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Counterfeiters see social media platforms as a “haven”, the UK Intellectual Property Office (IPO) has warned in its latest report.
Released on Monday, September 4, the report was commissioned by the IPO to understand the extent to which counterfeiting is moving online and gauge how social media platforms have helped this.
According to industry and government sources used for the report, social media plays a “significant and growing role” in the sale and distribution of fake goods.
“By providing relative safety within closed groups, as well as the ability to link to off-platform sites for payment, it is easy to see why social media can be regarded as a critical link in the counterfeiting chain,” said the report.
The report also obtained data from consumers which reinforced the claim that social media platforms encouraged IP infringement and that it is “particularly flagrant within closed groups”.
“Social media amplifies counterfeiters’ messages by increasing the connectivity of potential complicit consumers,” claimed the report. “Crucially, these connections do not have to be strong, as the threshold for connection on social media is low.”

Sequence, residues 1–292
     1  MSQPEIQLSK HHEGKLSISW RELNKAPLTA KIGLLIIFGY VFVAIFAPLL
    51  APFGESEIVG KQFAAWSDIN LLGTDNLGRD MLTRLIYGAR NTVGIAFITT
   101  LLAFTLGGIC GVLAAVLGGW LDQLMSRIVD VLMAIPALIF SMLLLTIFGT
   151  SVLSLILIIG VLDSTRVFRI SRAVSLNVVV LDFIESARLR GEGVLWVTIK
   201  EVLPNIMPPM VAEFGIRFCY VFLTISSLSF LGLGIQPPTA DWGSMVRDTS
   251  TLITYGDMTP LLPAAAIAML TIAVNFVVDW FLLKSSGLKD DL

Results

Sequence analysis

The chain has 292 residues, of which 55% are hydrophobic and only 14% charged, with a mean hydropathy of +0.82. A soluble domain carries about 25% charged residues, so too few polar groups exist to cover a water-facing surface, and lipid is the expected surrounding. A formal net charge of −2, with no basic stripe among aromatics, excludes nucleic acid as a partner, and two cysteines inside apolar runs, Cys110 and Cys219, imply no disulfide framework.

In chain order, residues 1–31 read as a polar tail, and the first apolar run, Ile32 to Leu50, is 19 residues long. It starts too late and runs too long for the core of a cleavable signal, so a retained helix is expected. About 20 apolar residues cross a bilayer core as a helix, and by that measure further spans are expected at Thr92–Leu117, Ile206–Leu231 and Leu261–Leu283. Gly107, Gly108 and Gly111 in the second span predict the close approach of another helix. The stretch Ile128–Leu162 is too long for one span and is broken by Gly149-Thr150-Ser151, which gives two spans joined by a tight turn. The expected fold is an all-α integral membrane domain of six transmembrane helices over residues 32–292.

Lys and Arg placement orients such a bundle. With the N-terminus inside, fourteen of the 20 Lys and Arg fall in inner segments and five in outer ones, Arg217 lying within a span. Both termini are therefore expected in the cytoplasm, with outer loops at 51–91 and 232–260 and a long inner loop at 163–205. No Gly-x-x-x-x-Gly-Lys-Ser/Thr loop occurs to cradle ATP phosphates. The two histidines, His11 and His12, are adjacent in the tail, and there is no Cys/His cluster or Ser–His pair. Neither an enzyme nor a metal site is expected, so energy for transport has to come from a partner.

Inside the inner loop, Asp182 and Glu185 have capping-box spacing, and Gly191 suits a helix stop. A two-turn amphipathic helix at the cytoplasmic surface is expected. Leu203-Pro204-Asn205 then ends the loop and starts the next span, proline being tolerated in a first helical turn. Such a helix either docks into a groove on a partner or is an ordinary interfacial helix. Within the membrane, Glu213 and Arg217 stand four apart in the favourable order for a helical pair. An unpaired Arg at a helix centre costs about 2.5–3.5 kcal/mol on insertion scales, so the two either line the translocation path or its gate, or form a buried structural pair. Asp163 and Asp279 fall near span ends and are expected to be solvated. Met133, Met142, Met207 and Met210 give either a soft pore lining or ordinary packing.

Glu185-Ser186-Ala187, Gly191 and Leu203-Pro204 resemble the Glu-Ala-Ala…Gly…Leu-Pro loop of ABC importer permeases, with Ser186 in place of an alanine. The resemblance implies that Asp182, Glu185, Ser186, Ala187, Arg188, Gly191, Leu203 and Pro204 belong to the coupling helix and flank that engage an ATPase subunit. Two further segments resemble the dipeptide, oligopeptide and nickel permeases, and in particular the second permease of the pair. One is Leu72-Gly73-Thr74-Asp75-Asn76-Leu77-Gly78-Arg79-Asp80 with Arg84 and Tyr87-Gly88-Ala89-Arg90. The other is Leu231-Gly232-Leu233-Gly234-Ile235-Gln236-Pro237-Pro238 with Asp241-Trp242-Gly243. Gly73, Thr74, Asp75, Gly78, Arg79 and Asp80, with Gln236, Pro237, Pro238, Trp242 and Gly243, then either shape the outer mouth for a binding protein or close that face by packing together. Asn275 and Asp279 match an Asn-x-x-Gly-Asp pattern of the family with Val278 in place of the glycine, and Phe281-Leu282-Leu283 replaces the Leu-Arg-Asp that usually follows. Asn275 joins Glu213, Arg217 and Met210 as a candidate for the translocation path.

Social media platforms provided data on levels of IP rights infringement identified on their platforms in 2015.
Twitter’s data indicated a decline in claims for trademark infringement in the second half of 2015—the number of trademark notices received by Twitter and Vine had declined by 33% in the six months up to December 2015 (8,588 compared with the 12,911 in the previous January–June 2015 report).
The report added that estimates from government and industry sources on recent levels of counterfeiting within the UK are “inadequate and cannot be scaled to reflect the total activity within the market”.
The IPO recommended improving industry cooperation in “supplying essential headline data for government and policy makers to more easily understand the trend in the market”.
UKIPO, UK Intellectual Property Office, counterfeits, anti-counterfeiting, social media